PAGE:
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The self-fulfilling prophesy that's doubled our prison population,
demonised our young and costs us billions...
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Friday 19 February 2010

Association of Panel Members

From 1909 until 2001, the primary role for community participation in the youth justice system has been as volunteer magistrates delivering summary justice to young people, with the ultimate sanction of imprisonment to teach lessons which - somehow- prevent their future offending. Youth Offending Panels are now in their 10th year of operating through directly engaging community volunteers in the rehabilitation of young people pleading guilty to behaviour which cross the boundaries of criminality, through Referral Orders delivering restorative justice.

The revised system, designed to deliver support services at one-stop-shops provided by newly-configured Youth Offending Teams, was greeted with euphoria and led to description of Panels by the then Youth Justice Board Chair, Rod Morgan, as the jewel in the crown. Yet the criminal justice floodgate was opened to children aged from 11, with the decade depicted as a crime-wave committed by ‘feral’ teenagers, and Panels confined to the backwaters as a ‘soft’ or superfluous diversion from jails accommodating up to 3000 under-18’s, to receive their just desserts.

Whilst conventional wisdom attributes children’s crime to moral deficits, easily remedied by the short, sharp shock of being ‘sent-down’, Community Panel Members recognise that behind the court orders lie stories of disastrous role models, unfulfilled potential, and institutional failures - only to be compounded through incarceration. We seek to challenge these children’s behaviour by ensuring that victims become the jury and amends are made; by agreeing contracts to engage support services to ensure that contextual factors which led to the crime are addressed. Yet despite an alarming reoffending rate for custodial sentences (75%) the community justice epitomized in Panel Members faces a constant challenge to increase magistrates’ confidence in community sentences - perceived as only applicable to trivial crimes, despite the lowest reoffending rate of all community sentences (45%).

This topsy-turvy position has finally been highlighted in recent excellent work by penal reformers, with sentencers’ confidence in custody being questioned by policy makers at all levels. Not least all 4 Children’s Commissioners, responsible for upholding the Human Rights of children in the United Kingdom. The economics of incarcerating young people (£325m) when weighed against an average 75% risk of re-offending upon release, simply don’t make sense.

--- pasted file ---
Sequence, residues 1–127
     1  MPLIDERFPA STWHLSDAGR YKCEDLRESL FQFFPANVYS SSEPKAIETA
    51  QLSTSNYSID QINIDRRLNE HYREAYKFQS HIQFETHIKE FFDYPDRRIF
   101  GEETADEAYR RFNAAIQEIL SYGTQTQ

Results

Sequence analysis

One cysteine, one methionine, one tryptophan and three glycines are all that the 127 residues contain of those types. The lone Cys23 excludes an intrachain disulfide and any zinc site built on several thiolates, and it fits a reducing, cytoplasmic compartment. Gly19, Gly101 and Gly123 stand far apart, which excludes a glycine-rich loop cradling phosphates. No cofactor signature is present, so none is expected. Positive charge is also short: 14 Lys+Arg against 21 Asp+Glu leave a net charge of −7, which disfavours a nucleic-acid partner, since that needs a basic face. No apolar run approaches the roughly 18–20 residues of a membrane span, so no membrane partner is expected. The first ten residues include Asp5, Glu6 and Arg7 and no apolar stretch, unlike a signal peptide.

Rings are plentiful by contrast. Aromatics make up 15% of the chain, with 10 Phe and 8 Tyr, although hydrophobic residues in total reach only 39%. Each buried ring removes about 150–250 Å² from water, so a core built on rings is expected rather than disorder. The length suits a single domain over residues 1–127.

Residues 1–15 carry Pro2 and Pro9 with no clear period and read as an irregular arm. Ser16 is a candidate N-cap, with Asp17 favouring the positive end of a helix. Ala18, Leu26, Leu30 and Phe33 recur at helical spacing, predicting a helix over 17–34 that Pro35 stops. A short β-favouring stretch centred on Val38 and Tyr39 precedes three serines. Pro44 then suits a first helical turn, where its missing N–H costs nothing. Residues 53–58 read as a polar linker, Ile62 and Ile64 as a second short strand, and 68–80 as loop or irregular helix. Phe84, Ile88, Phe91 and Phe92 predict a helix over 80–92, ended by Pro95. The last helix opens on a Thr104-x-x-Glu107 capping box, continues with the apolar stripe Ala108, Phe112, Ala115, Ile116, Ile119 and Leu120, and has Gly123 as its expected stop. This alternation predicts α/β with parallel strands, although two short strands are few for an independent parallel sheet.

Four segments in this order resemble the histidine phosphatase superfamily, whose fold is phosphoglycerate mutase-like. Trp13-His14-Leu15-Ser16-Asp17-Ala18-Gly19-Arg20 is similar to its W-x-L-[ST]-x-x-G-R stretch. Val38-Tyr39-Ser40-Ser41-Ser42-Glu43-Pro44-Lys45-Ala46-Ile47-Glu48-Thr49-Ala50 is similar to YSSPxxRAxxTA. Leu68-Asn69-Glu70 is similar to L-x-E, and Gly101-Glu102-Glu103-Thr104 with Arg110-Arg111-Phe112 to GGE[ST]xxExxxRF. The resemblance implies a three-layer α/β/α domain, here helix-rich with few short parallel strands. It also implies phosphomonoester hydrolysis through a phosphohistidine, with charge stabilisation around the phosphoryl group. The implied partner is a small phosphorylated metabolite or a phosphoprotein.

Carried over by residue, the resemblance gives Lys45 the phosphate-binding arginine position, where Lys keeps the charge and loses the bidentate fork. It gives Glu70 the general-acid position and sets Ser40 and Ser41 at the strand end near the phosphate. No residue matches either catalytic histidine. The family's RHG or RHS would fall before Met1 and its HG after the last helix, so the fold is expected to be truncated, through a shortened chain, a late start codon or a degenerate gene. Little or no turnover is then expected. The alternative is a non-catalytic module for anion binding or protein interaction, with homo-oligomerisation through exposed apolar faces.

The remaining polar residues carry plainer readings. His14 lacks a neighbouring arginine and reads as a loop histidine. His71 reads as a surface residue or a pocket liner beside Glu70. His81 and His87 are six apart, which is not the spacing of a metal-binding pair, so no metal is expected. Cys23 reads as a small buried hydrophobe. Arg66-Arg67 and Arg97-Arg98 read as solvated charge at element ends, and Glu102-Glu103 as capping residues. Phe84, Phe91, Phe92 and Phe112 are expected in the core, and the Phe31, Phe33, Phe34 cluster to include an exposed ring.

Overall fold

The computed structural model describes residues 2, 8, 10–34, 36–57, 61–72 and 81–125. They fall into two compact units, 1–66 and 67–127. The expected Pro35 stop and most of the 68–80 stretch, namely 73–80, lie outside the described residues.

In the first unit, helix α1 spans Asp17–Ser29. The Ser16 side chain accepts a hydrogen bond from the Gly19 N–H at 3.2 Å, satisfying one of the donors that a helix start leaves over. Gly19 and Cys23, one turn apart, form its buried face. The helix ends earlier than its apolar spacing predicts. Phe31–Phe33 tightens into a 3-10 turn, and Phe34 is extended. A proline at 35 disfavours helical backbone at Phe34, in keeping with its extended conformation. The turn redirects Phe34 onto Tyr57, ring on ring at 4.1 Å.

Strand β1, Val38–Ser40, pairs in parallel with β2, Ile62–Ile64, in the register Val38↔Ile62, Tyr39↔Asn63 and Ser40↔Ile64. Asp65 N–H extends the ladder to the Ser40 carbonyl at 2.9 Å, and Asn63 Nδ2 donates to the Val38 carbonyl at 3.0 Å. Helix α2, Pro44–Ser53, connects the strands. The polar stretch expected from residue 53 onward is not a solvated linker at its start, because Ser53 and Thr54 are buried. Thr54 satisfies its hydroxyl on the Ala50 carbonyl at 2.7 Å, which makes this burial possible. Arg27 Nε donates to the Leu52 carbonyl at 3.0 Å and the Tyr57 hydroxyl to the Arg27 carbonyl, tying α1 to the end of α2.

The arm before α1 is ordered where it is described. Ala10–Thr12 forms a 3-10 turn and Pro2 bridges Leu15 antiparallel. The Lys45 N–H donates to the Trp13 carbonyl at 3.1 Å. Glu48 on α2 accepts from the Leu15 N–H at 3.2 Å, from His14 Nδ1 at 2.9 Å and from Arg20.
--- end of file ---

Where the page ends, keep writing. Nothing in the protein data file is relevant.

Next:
At the community level, the Association of Panel Members (AOPM) has become an apologist for Restorative Youth Justice. With few resources other than the goodwill of volunteers, we beat the drum in favour of victim participation in solutions to the harm caused by young people in our communities; in favour of interventions targeted towards the social, emotional and behavioural deficits which disproportionately affect these children. And we are very reluctant witnesses to the sheer numbers of young people left behind by the education system, only to resurface in the custody suite.

Panel Members understand the ability of young people to come good in time with patient, affirming (but not condoning) adult support, as opposed to condemnation. We want to celebrate the sheer guts and determination it takes for young people, who went off the rails, to get back on track working with YOTs in partnership with members of their community. As volunteers, Panel Members are disinterested, dispassionate and freethinking participants in the complex process of corporate parenting, who know that our role is challenging to entrenched traditions. We are therefore a wild card in the pack, which sometimes renders our partnerships unstable. By keeping sight of the goal, we help children to move away from the so-called revolving door, by delivering the urban equivalent of the African saying; ‘It takes a whole village to raise a child.’

Baroness Neuberger’s 2009 review of volunteering in the criminal justice system provides the last word:
"A lack of investment in volunteer management inevitably results in volunteers having a bad experience. During the course of my research I have come across many cases of volunteers who have had a negative experience, as a direct result of poor investment in their management. This is more common where a statutory volunteer role is new, for instance in the case of panel members on Youth Offending Teams. The agency is still adapting to these changes and a supportive culture is still being developed. The Youth Justice Board has worked on a number of initiatives to support best practice in managing volunteers. Nevertheless, Government should be taking this very seriously if they wish Panel Members to stay and play a key role."

Sandra Beeton
Association of Panel Members (AOPM)

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